In 1960, which was after the granting of the plaintiffs' sub-license to FILLERS in 1949 and before reassigning the Indiana rights to these defendants in 1968, SHINES and McCULLOUGHS redefined their rights under the old 1948 agreement, and SHINES tightened up their sub-license form for subsequent store owners. (Tr., p. 83, 84). For example, SHINES started a "Dairy Queen Food Program" in 1966 (Defendants' Ex. H), in other places in Indiana, but not in Fort Wayne. (Tr., p. 104, 105, 107).
In 1962 the defendant corporations had been formed and entered into the hamburger business, and gave to SHINES a Brazier *1092 license for the State of Indiana. The first Brazier store in this State was located at Muncie in 1963. (Answers of Defendants to Interrogatories Nos. 156, 13 and 14, admitted at Tr., p. 118. The defendants did not invent the hamburger and cheeseburger sandwiches and they acknowledge that they were not the first chain to introduce the single-double-triple configuration options, which they here seek to protect. (Answers of Defendants to Interrogatory No. 66, admitted at Tr., p. 118.)
In 1968, SHINES reassigned their remaining Indiana rights (not including their store interest) to defendants, International Dairy Queen, Inc. and American Dairy Queen Corporation. (Plaintiffs' Ex. 6).
TERRYS acquired the SHINES' rights by an assignment of the 1949 sub-license on October 3, 1978. They operated the store on Oxford Street from September, 1978, until the seasonal closing in mid-October, 1978, and continue to sell food and beverage items. (Tr., pp. 119, 125).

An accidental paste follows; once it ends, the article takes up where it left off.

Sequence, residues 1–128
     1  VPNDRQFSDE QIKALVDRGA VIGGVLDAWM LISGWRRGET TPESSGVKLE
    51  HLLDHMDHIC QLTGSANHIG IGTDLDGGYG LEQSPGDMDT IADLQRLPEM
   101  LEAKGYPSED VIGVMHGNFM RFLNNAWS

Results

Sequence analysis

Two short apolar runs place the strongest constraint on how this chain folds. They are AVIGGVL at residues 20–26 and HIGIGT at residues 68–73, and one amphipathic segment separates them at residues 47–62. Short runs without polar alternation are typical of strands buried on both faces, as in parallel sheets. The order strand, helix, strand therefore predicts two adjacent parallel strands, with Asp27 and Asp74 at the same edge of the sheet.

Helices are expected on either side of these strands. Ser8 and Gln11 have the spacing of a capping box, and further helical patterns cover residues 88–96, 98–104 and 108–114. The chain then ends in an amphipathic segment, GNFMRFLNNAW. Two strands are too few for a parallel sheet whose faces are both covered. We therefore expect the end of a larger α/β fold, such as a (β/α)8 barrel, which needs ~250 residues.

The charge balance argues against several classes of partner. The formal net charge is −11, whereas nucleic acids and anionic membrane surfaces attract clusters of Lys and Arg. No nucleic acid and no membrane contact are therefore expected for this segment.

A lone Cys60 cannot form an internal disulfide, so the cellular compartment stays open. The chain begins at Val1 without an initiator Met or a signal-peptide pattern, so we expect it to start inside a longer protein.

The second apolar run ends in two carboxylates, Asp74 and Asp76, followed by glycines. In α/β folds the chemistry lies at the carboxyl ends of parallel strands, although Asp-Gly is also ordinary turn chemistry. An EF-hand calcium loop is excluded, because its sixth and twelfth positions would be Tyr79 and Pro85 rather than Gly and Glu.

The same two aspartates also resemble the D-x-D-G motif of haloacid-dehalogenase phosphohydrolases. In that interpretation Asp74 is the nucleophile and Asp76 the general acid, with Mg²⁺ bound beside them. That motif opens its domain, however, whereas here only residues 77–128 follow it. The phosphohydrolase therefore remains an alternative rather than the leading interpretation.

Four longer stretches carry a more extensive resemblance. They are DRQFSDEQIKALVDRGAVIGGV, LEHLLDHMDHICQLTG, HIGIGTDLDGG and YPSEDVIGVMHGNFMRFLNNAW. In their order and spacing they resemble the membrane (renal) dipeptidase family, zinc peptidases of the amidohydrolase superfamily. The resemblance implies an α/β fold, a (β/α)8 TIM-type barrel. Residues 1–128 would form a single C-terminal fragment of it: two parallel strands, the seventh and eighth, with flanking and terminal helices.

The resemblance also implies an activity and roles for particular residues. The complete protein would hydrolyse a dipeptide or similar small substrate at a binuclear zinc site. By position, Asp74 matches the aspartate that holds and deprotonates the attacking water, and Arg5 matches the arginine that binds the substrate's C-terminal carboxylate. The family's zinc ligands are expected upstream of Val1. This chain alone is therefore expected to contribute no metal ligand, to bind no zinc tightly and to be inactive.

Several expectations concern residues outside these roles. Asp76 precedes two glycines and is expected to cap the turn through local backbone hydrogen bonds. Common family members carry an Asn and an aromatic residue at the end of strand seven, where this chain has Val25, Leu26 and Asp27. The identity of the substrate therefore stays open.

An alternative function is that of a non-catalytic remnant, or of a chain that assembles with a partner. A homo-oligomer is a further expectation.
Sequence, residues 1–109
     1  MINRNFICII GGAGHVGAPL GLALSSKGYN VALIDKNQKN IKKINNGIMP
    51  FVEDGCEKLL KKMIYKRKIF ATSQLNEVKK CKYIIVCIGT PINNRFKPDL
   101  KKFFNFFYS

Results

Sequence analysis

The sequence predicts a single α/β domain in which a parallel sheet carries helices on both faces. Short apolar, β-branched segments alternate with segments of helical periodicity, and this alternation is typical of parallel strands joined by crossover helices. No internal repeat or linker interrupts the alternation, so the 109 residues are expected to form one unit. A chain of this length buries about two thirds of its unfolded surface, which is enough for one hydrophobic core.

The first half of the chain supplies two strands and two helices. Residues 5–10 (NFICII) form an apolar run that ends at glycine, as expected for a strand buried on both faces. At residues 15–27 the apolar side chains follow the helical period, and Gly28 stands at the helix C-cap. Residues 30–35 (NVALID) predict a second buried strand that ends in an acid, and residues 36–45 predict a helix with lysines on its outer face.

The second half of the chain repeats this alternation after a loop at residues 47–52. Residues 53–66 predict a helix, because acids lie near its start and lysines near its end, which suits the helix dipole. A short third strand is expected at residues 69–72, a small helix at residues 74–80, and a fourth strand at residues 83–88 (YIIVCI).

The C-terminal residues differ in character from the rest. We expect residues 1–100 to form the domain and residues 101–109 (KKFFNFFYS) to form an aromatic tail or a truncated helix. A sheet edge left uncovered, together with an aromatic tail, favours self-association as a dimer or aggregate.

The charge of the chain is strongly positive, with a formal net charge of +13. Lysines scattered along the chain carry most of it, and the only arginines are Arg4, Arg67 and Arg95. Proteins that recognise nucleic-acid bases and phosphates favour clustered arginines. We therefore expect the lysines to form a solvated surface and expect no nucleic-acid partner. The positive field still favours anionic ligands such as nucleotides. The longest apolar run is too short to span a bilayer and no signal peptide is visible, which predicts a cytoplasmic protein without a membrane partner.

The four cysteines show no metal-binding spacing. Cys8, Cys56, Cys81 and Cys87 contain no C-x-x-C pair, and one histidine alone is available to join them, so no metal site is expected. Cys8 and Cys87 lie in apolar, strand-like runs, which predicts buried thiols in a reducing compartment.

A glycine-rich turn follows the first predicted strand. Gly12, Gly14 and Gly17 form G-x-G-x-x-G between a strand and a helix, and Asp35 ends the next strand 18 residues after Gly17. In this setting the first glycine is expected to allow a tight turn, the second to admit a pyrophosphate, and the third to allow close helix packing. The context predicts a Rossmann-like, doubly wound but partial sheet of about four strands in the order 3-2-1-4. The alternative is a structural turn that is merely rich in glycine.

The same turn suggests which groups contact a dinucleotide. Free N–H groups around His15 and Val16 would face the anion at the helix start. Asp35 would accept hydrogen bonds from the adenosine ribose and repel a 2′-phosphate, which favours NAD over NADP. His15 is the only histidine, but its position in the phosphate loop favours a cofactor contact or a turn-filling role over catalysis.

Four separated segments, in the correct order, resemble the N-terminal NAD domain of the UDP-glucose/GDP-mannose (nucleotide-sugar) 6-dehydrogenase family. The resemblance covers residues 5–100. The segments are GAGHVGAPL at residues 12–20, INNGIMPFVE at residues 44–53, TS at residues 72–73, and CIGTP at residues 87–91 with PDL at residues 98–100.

While Mr. Filler does not recall having seen the November 18, 1975 letter from International Dairy Queen to FILLERS (Defendants' Ex. A), Mrs. Terry believes that she saw it at the closing for the first time. (Tr., pp. 64, 157, 158). The letter told FILLERS for the first time in 1975 that products sold in the store must be "in accordance with Article 6 of your Franchise and Territory Agreement." As of the date of the letter, FILLERS had been selling food and beverage products for over 20 years with approval, and they and their assignees continued to do so without any objection. They did not yield to the "suggestion" in the letter that they execute a Brazier agreement. When TERRYS first saw the letter at the closing, they had committed contractually to purchase the store and had, in fact, been operating it as their own for about three weeks.
In November, 1978, the Regional Manager and his assistant came to the Terrys' home and attempted to pursuade them to sign a Brazier agreement, but did not leave a copy. (Tr., p. 174).